Antiphospholipid Antibody Syndrome

Antiphospholipid antibody syndrome is one of those tongue twister disorders. One that you would probably not ever hear about unless you have it or know someone who does. It's also referred to as APS, APLS, or APLA. Those abbreviations are a whole lot easier to say, don't you think? I do - maybe I'll just stick with them.


This condition is also sometimes referred to as Hughes syndrome. This is because of Dr. Graham Hughes, the rheumatologist, who works at the Louise Coote Lupus Unit as Saint Thomas' Hospital in London. (To read more about the original APS Support page, click here – opens a new window).

APS is basically an autoimmune condition which produces antibodies that fight against phospholipid or aPL, which is a normal cell membrane substance. It sees them as foreign substances. The syndrome can cause blood clots in the arteries and veins. These can lead to heart attacks and strokes as well as complications during pregnancy.

Antiphospholipid Antibody Syndrome or...

Many times antiphospholipid antibody syndrome happens in people who already have other autoimmune diseases like lupus. In these cases it is referred to as secondary antiphospholipid syndrome. It can also develop in healthy people when no other condition is present. In those cases, it's called primary antiphospholipid syndrome.

Another term sometimes used to describe APS is “Sticky Blood”. Kay Thackray wrote a book - Sticky Blood Explained - in which she talks about her personal experience with APS. Reading her book, as well as the following one, will help you learn more about this condition. Dr. Hughes also wrote a book - Understanding Hughes Syndrome: Case Studies for Patients - It includes 50 case studies that will help you figure out whether or not you have it.

Dr. Hughes Blog

Dr. Hughes has a blog you can read through to learn more about the syndrome and other related conditions. Another very helpful website is APS Foundation of America (opens a new window). If you're interested, they are good places to start.

APS is commonly misdiagnosed as multiple sclerosis. That is why a neurologist or rheumatologist can help you determine if you have either of these or some other autoimmune disease. If you aren't satisfied with the answers you get, seek a second opinion. Be proactive until you are satisfied.

Unfortunately, when you have developed one autoimmune disease, you may be more susceptible to developing another one such as lupus. And often times one person may have several. My brother also has Graves Disease, an immune system disorder that causes your body to overproduce thyroid hormones (hyperthyroidism).

Antiphospholipid antibody syndrome video

Here is a video where Dr Hughes explains sticky blood syndrome or APS. Sometimes it's easier to understand something when you can see it or hear it, at least from me it is. 

He even has a YouTube channel with a few videos you might find interesting. 

As MSers, we can sometimes attribute every new symptom or problem with our multiple sclerosis when it might not be the case. When Cir goes to the doctor they usually ask if he's had any new symptoms. It's best to discuss anything new with your GP or neurologist so as to rule out the possibility of another condition.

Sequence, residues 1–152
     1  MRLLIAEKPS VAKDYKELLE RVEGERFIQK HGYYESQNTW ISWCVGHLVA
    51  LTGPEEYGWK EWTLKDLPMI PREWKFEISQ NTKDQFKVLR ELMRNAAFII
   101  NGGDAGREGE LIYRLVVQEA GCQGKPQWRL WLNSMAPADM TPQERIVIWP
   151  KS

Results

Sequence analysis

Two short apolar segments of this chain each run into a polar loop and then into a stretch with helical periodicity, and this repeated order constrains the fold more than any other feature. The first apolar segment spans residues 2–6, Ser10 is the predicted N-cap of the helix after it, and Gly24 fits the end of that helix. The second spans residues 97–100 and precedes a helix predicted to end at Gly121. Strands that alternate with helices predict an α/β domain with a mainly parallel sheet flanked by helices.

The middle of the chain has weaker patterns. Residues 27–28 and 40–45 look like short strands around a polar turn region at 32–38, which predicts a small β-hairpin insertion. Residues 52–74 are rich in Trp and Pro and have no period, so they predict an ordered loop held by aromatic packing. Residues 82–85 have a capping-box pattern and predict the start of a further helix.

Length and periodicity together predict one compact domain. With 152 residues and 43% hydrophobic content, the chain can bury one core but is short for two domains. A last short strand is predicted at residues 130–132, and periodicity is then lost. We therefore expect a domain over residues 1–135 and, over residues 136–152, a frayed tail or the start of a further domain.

It's so easy to just say, "oh, that's just my MS". We may be allowing a condition to get progressively worse, when there is a treatment available. Cir is very good at communicating with his health care team about what's going on with him. Whether it's a new symptom (which rarely is the case), or recurring symptoms that pop up every so often.

Whatever the case, when managing any autoimmune disease, communication is the key to staying on top of it, and getting the treatment you need to keep it under control. I'm sure, as an MSer, you tend to listen to your body and pay attention to what's happening on a daily basis. Just make it a habit to share this with your doctor at each appointment.

Some APS Statistics

The APS Foundation website shares the following statistics about the condition as well.

  • Number 1 cause of stroke in young people.
  • 20% of all cases of blood clots in large veins (deep vein thrombosis), including blood clots that go to the lungs (pulmonary embolism) are due to APS.
  • 1 out of 5 women with recurrent miscarriages have APS.
  • One third of strokes occurring in younger people (under the age of 50) are due to APS.
  • APS is a major women’s health issue: 75-90% of those affected by APS are women.
  • 40-50% of patients with lupus also have APS.
  • Antiphospholipid Syndrome affects nine women for every man.
  • Estimated, as of 2019, to affect 1 in 2000 Americans.

Similar symptoms

According to the website APS Foundation of America, besides the major symptoms that can cause "blood clots, including heart attacks and strokes, and miscarriages", there are:

Other (symptoms) that might be associated with antiphospholipid antibodies include:

  • Problems with thinking clearly (loss of concentration, difficulty with reading comprehension and performing calculations, memory loss)
  • Neurological problems similar to multiple sclerosis.
  • Migraine headaches, sometimes with visual disturbances
  • Other neurological symptoms including episodes of partial or total vision loss, dizziness, vertigo, loss of balance, seizures, and other abnormal movements

Don't discount any symptoms you have, even if they are similar to what you experience with MS. As we said before, share them with your doctor. At least they can rule out the possibility of APS or some other disorder, or let you know that yes, it is indeed "just your MS".

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